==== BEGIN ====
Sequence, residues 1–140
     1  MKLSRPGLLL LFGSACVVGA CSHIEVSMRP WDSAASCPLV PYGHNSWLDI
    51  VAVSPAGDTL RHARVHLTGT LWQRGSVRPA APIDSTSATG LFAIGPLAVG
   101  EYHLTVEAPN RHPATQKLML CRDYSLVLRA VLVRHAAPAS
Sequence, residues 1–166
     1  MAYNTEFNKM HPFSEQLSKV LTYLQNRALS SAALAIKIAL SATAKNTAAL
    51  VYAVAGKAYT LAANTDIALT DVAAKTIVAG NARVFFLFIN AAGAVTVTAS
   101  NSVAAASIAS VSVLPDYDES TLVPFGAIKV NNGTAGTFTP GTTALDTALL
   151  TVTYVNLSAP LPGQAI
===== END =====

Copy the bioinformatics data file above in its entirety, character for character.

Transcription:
Sequence, residues 1–140
     1  MKLSRPGLLL LFGSACVVGA CSHIEVSMRP WDSAASCPLV PYGHNSWLDI
    51  VAVSPAGDTL RHARVHLTGT LWQRGSVRPA APIDSTSATG LFAIGPLAVG
   101  EYHLTVEAPN RHPATQKLML CRDYSLVLRA VLVRHAAPAS
Sequence, residues 1–166
     1  MAYNTEFNKM HPFSEQLSKV LTYLQNRALS SAALAIKIAL SATAKNTAAL
    51  VYAVAGKAYT LAANTDIALT DVAAKTIVAG NARVFFLFIN AAGAVTVTAS
   101  NSVAAASIAS VSVLPDYDES TLVPFGAIKV NNGTAGTFTP GTTALDTALL
   151  TVTYVNLSAP LPGQAI